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jews and others that were murdered by the nazis. our special correspondent allan little has been to auschwitz and met one woman who survived her time there against the odds. 72 years ago this week, soviet troops entered auschwitz. this was not the only extermination camp in nazi—occupied europe. but it was where the evidence was best preserved of the crime that came to be known as the holocaust. on this railway platform, nazi officers separated those chosen to live and work from those sent immediately to die. these pictures showed jews transported here from hungary in 1944. susan pollock, i3, was chosen to live. her mother was sent to the gas. there were no hugs or kisses or embrace. the dehumanisation started immediately. i did not cry. it was just as if i had lost all my feelings. that was auschwitz.
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this was not a german crime alone. these railway lines extended to almost every corner of europe, and to the active collaboration of norwegian civil servants, french police, polish train drivers, ukrainian paramilitaries. when it was over, a great public silence descended on europe. after the war, the nations of europe were so preoccupied by their own victimhood that they did not pay much attention to the uniqueness of what had happened here. the jews who survived found that the world beyond these perimeterfences did not want to hear their stories. it was only really in the 1960s, nearly 20 years after the liberation of auschwitz, that popular consciousness began to confront what europe collectively had done to itsjews. international law changed immediately. at the post—war nuremberg trials,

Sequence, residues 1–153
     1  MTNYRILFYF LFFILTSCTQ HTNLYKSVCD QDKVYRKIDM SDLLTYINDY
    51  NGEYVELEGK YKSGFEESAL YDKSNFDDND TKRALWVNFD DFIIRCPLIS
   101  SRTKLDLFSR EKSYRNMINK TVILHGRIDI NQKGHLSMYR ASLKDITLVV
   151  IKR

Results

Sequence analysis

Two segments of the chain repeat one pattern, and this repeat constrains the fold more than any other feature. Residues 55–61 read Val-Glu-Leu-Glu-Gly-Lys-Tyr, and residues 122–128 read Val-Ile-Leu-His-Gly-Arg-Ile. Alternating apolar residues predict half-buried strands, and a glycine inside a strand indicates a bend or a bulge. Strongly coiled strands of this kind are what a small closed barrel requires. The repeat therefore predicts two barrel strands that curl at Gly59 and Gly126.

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two new crimes entered the judicial lexicon for the first time, crimes against humanity and genocide. before 1945, if a state wished to kill half its population, there was no rule of international law that said you could not do that. the change that occurred, as we know sadly, has not prevented horrors from taking place, but it does mean that when horrors occur, there is now at least an objective standard which says to governments that as a matter of international law you cannot do what you are doing. it took half a century for those powers to be used. but dozens have been convicted and jailed by international courts for genocide and crimes against humanity in bosnia, rwanda and elsewhere. even so, holocaust denial persists. the internet is full of claims that the destruction of the jews never happened. but the testimony of survivors is a warning to posterity,
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to us here today. we are not talking about barbarians, primitive society. the germans were advanced, educated, progressive, amongst the european nations. maybe the civilisation is just a veneer. i think we all need to be very careful about any hate propaganda, because it has got the potential to erupt, and then it is too late to stop it. too much less weighty matters. diamonds, so they say, are forever — and the bigger they are, the greater and more enduring the value. take the foxfire diamond,